Manifest Madness: Mental Incapacity in the Criminal Law

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OUP Oxford, Apr 19, 2012 - Law - 308 pages
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This is an open access title available under the terms of a CC BY-NC-ND 3.0 International licence. It is free to read at Oxford Scholarship Online and offered as a free PDF download from OUP and selected open access locations. Whether it is a question of the age below which a child cannot be held liable for their actions, or the attribution of responsibility to defendants with mental illnesses, mental incapacity is a central concern for legal actors, policy makers, and legislators when it comes to crime and justice. Understanding mental incapacity in criminal law is notoriously difficult; it involves tracing overlapping and interlocking legal doctrines, current and past practices of evidence and proof, and also medical and social understandings of mental illness and incapacity. With its focus on the complex interaction of legal doctrines and practices relating to mental incapacity and knowledge - both expert and non-expert - of it, this book offers a fresh perspective on this topic. Bringing together previously disparate discussions on mental incapacity from law, psychology, and philosophy, this book provides a close study of this terrain of criminal law, analysing the development of mental incapacity doctrines through historical cases to the modern era. It maps the shifting boundaries around abnormality as constructed in law, arguing that the mental incapacity terrain has a distinct character - 'manifest madness'.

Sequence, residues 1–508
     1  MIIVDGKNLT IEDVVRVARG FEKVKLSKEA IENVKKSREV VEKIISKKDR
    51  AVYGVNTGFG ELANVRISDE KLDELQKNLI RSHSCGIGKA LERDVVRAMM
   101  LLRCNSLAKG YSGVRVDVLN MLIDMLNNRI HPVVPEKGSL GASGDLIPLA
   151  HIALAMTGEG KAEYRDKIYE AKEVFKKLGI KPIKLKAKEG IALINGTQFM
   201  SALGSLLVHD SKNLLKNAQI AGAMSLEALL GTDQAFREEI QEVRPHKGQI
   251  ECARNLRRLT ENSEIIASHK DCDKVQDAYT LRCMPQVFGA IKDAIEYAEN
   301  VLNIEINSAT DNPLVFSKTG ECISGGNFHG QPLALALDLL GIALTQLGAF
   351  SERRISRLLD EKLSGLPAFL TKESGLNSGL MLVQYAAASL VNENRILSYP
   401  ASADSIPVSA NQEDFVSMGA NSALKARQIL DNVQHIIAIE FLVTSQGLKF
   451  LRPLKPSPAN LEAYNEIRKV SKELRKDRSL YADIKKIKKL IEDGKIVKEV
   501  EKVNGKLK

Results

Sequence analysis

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Table of Cases
Table of Old Bailey Proceedings
The Terrain of Mental Incapacity in Criminal
Putting Mental Incapacity Together Again
The Intersection of Madness and Crime
Unfitness to Plead
the Exculpatory Doctrines of Insanity
Knowing and Proving Exculpatory Mental Incapacity
the Law of Intoxicated Offending
the Doctrine of Infanticide

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About the author (2012)

Dr Arlie Loughnan is a Senior Lecturer in the Faculty of Law at the University of Sydney. Her research concerns criminal law and the criminal justice system, with a focus on the relationship between legal doctrines, practices, institutions, and knowledge. Her particular interests are criminal responsibility and non-responsibility, the interaction of legal and expert medical knowledges and the historical development of the criminal law. Dr Loughnan holds a PhD from LSE and an LLM from NYU Law School.

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